In practice, enterprise architecture typically includes data, process, application, technology and business architecture. The business architecture (or “operating model”) may include goals, strategies, principles, projects, roles and organizational structures. The process architecture typically looks at processes (functions, activities, tasks, steps, flow, products) and events (triggers, cycles). The application architecture may include macro-level architecture across the entire application portfolio as well as the micro-level application component architecture governing the design of components and interfaces, such as a service-oriented architecture (SOA).  Enterprise architecture includes all these aspects.

Our question for now is limited to “What artifacts should be in your target enterprise data architecture, so our artifacts will be limited to only those describing data and information (data in context). As we shall see, this may include several different artifacts!

We can define enterprise data architecture as an integrated set of specification artifacts that define strategic data requirements, guide integration of data assets and align data investments with business strategy.  Enterprise data architecture is the subset of enterprise architecture, including those artifacts describing data and information.

The “primitive” models identified by the Zachman Framework focus on just one aspect of a system, describing how data relates to other data. Architecture also defines how different aspects of a system relate to each other. These relationships are critical to how any system works, especially in a complex enterprise. “Composite” models describe the important relationships between system aspects. There is significant business value in specifying these relationships. The same business benefits derived from specifying primitive models – managing change, for instance – also justify the specification of composite models. In fact, alignment with business strategy is provided primarily through composite models. No enterprise architecture is truly complete without some defining the integration between data, process, goals, organization, applications and technology. The primary technique to define these relationships is called information value chain analysis, and its primary deliverables are matrix. A CRUD matrix (create, read, update, delete) is one example of an information value chain analysis artifact.  Data architecture includes both the primitive and composite models relating to data. Of course, these same composite models will also be part of other aspects of architecture (particularly process, organization, application).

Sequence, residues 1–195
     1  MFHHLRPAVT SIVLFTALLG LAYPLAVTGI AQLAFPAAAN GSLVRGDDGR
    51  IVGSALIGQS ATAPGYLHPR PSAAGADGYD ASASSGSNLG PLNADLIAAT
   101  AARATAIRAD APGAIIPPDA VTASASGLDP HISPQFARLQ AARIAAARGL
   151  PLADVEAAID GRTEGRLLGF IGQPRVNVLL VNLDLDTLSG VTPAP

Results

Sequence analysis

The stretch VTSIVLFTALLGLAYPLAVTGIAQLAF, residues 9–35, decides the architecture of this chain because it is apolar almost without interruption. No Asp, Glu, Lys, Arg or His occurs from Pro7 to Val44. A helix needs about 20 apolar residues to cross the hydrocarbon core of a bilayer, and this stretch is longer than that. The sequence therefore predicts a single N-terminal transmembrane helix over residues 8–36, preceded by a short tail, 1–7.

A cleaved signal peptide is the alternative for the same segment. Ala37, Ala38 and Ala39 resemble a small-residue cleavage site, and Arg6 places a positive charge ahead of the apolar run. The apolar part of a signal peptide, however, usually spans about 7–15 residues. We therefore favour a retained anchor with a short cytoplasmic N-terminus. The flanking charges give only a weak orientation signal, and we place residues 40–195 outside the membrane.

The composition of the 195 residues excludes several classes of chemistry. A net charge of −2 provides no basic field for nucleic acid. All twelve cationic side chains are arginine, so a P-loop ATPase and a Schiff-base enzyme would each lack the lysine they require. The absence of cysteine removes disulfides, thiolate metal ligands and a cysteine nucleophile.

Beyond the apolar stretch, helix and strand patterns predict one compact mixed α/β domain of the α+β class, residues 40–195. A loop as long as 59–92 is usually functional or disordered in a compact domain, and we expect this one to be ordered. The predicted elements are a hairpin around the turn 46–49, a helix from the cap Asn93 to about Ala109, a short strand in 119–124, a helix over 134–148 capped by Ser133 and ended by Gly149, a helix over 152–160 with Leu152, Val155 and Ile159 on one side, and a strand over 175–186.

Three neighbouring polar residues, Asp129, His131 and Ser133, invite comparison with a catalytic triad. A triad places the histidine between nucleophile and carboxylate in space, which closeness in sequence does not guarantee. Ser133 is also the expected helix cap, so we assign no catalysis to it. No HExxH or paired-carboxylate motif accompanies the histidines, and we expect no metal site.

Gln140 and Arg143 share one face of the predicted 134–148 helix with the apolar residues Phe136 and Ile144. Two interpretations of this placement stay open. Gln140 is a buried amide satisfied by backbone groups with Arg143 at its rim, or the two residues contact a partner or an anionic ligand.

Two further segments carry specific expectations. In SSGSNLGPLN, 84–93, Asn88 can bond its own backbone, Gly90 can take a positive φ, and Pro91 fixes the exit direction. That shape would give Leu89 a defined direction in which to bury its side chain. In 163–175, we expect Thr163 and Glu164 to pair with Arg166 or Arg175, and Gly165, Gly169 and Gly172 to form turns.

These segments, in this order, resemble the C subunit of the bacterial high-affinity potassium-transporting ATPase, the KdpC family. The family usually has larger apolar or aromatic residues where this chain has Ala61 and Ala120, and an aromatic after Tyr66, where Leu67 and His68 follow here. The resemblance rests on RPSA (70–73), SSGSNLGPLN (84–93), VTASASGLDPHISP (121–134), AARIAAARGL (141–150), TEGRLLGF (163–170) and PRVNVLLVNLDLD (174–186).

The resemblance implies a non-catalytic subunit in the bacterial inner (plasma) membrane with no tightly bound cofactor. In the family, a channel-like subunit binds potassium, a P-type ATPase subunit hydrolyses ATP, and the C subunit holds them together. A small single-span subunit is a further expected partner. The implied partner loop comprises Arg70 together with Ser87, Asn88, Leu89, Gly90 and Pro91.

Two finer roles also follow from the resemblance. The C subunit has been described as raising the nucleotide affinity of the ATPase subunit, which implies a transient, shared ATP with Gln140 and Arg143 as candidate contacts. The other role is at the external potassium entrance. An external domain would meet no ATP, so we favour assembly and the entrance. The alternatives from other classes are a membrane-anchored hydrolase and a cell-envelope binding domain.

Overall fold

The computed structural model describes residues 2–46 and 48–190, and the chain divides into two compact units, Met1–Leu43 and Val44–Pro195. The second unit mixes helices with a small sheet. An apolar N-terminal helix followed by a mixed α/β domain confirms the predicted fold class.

One might argue that any process/data flow diagram is a composite model. Others may point out that application architecture seems to provide a “designer” or “builder” view of an “owner’s” business process model.  Since its introduction, the Zachman Framework has sparked countless such valuable continuing discussions about the nature of architecture. Regardless, no one can dispute the business value of including process/data flow diagrams in the set of enterprise architecture artifacts. Ultimately the proven business value of each artifact determines which artifacts are created and maintained.